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Following a feel-good deal between P&G and New Chapter last week, execs on both sides of the acquisition are spreading the intention to not "mess up the magic" of New Chapter. We dive deep into P&G's acquisition, including what it means for natural retailers and the future of the supplements company.
Making a huge foray into the dietary supplements business, Procter & Gamble closed a deal on March 15 to purchase Brattleboro, Vt.-based New Chapter Inc., a leading supplement brand within the natural retail channel. Financial details of the purchase were not released.
In a memo to New Chapter employees, the company's co-founder, Paul Schulick, said that the acquisition would open up "countless opportunities" for New Chapter. "Procter & Gamble has the ability to turbocharge our mission while sustainably delivering the wisdom of nature to people and the planet in ways we never even imagined," Schulick wrote.
According to the Brattleboro Reformer, P&G is not planning any immediate changes at New Chapter—other than a few role changes. Paul Schulick will become the executive vice president of science and innovation, and Barbi Schulick will become vice president of organization and culture. P&G's Kyle Garner will become New Chapter's new CEO.
"Of utmost importance to us as founders is the assurance we have received from Procter & Gamble that New Chapter will be a wholly owned subsidiary with headquarters remaining in Brattleboro," Schulick wrote in his employee memo. "They have also assured us that no significant changes in jobs, compensation, benefits or business processes are planned. So let me repeat that: jobs remain the same and we are a standalone entity."
Thomas Finn, president of Global Health Care at P&G, told the Reformer that his company does not want to "mess up the magic" that has made New Chapter so successful within the growing world of dietary supplements.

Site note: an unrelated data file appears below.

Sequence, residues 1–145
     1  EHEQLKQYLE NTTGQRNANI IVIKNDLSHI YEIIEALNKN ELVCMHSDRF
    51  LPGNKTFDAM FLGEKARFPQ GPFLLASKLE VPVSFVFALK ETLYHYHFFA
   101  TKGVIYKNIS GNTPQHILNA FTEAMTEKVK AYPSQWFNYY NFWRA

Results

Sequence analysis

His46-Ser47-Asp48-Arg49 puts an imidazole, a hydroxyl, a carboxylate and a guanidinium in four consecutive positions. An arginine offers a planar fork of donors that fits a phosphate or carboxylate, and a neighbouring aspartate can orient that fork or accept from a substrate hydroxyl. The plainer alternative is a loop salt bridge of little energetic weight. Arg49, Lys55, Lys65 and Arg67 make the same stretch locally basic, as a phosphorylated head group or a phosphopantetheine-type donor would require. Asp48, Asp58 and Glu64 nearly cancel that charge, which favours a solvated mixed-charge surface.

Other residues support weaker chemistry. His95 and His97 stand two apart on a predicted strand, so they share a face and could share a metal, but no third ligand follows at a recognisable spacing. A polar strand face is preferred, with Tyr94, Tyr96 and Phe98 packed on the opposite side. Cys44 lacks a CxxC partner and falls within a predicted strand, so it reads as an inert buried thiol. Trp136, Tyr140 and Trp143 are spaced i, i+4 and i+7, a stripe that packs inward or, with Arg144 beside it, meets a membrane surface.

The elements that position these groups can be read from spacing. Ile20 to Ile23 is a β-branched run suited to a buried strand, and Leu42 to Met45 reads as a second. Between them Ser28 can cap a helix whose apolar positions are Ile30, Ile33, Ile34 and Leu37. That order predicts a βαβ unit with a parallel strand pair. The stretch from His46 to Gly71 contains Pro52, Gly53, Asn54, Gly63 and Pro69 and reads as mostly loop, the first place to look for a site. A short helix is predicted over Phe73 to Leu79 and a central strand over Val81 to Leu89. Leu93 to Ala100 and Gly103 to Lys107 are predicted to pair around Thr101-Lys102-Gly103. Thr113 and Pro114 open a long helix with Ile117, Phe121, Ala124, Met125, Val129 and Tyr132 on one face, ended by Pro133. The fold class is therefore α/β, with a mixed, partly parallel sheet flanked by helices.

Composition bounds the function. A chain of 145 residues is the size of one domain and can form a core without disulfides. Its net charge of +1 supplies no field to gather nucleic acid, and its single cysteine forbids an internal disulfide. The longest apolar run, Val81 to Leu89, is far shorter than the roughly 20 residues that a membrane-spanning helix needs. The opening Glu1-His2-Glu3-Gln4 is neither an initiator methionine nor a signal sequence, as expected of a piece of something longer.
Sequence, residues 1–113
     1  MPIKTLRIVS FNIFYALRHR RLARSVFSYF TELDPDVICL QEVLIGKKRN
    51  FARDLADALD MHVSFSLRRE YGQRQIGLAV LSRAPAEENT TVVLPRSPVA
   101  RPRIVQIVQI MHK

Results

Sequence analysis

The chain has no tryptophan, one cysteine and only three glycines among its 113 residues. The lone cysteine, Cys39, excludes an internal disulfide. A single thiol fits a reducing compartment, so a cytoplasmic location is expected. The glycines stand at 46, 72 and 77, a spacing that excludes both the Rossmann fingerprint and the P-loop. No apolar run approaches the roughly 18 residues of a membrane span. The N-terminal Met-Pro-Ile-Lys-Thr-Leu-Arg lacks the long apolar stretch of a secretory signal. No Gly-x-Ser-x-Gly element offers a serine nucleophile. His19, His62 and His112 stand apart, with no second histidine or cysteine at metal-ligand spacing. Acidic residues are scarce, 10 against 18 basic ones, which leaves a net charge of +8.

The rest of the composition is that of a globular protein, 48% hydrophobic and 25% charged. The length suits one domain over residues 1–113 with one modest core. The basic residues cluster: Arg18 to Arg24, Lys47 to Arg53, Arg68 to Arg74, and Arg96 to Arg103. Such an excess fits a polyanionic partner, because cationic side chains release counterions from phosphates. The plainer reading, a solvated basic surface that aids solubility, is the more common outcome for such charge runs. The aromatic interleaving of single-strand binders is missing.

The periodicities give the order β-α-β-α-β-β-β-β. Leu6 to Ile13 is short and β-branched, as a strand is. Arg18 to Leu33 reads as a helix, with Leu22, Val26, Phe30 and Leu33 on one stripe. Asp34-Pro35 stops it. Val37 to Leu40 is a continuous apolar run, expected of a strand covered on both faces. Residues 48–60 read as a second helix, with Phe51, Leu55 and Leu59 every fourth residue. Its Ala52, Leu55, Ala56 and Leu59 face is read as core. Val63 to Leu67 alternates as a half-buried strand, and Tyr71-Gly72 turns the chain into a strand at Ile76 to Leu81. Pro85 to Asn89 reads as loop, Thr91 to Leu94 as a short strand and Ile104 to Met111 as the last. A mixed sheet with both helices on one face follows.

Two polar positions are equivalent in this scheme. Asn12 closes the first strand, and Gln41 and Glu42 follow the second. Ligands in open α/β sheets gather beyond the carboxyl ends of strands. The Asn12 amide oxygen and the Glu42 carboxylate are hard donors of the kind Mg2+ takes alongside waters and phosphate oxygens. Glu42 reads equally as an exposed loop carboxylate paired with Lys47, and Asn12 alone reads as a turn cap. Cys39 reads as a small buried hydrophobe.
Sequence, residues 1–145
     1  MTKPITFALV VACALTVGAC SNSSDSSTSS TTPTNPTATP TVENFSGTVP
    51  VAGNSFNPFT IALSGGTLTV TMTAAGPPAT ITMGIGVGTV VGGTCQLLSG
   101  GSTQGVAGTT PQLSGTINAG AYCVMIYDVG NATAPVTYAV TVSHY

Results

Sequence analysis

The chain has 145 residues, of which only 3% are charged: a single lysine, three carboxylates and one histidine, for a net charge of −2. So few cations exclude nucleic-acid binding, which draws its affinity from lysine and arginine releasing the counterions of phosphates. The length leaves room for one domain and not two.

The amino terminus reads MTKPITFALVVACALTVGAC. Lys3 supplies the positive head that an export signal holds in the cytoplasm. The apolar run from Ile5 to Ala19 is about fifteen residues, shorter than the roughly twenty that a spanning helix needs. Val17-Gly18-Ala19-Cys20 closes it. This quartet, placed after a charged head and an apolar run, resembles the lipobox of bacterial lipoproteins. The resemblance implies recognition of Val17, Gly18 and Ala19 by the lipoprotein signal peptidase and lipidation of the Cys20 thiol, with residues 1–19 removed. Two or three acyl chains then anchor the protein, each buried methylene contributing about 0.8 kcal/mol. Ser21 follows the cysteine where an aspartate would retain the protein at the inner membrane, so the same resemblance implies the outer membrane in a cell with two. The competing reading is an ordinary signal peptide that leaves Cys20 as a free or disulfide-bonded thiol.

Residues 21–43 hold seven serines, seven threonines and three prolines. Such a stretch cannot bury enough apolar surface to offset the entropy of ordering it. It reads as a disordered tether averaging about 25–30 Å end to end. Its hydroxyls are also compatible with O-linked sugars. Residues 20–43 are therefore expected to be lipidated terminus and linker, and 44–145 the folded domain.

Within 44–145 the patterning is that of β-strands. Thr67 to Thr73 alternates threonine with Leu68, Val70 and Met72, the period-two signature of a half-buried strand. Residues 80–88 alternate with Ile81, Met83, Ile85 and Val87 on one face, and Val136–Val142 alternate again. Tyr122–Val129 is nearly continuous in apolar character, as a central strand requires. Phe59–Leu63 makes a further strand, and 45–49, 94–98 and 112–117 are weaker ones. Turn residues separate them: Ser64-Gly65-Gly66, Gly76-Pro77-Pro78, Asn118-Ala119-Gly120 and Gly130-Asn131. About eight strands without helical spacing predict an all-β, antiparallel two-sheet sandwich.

New Chapter: A best-in-class brand
Founded in 1982 by Schulick and his wife, Barbi, New Chapter is known for its high-quality formulations and commitment to organic supplements. The company makes a wide range of products that include organic, whole food multivitamins, the Wholemega fish oil brand, LifeShield Mushroom line and Zyflamend suite of products.
Nutrition Business Journal estimates New Chapter's 2011 sales at around $110 million. According to Paul Schulick, P&G evaluated "close to 20" supplement companies before deciding to purchase New Chapter. "None have met [P&G's] standards—until now," Schulick wrote to employees.
Janica Lane, a partner at Partnership Capital Growth, concurs that New Chapter represents "another best-in-class brand" for the P&G portfolio, which includes Tide, Gillette, Iams, Downy, Duracell, Ivory, Pantene and others that are among the "best brands in the CPG world," Lane said.
Along with being a leader within the small but growing world of organic and whole food supplements, New Chapter is also known for its loyalty to the natural retail channel, said Bill Crawford, director of retail programs at New Hope Natural Media. "[New Chapter] is a direct line, with high retail profit margins, a very strong consumer ad spend and a history of only supporting the natural channel."
Given that it has stakes in just about every other part of the consumer packaged goods world, Lane said it's not surprising that P&G would dip its toe into dietary supplements. Although supplement sales expansion has slowed over the last few years and the industry continues to weather questions regarding product quality and integrity, supplements remain a thriving business and are viewed as an essential health and wellness tool by many consumers.
"We at PCGA have long said that none of the major food and CPG companies can afford not to have a presence in healthy, active and sustainable living, and P&G is no exception," Lane said.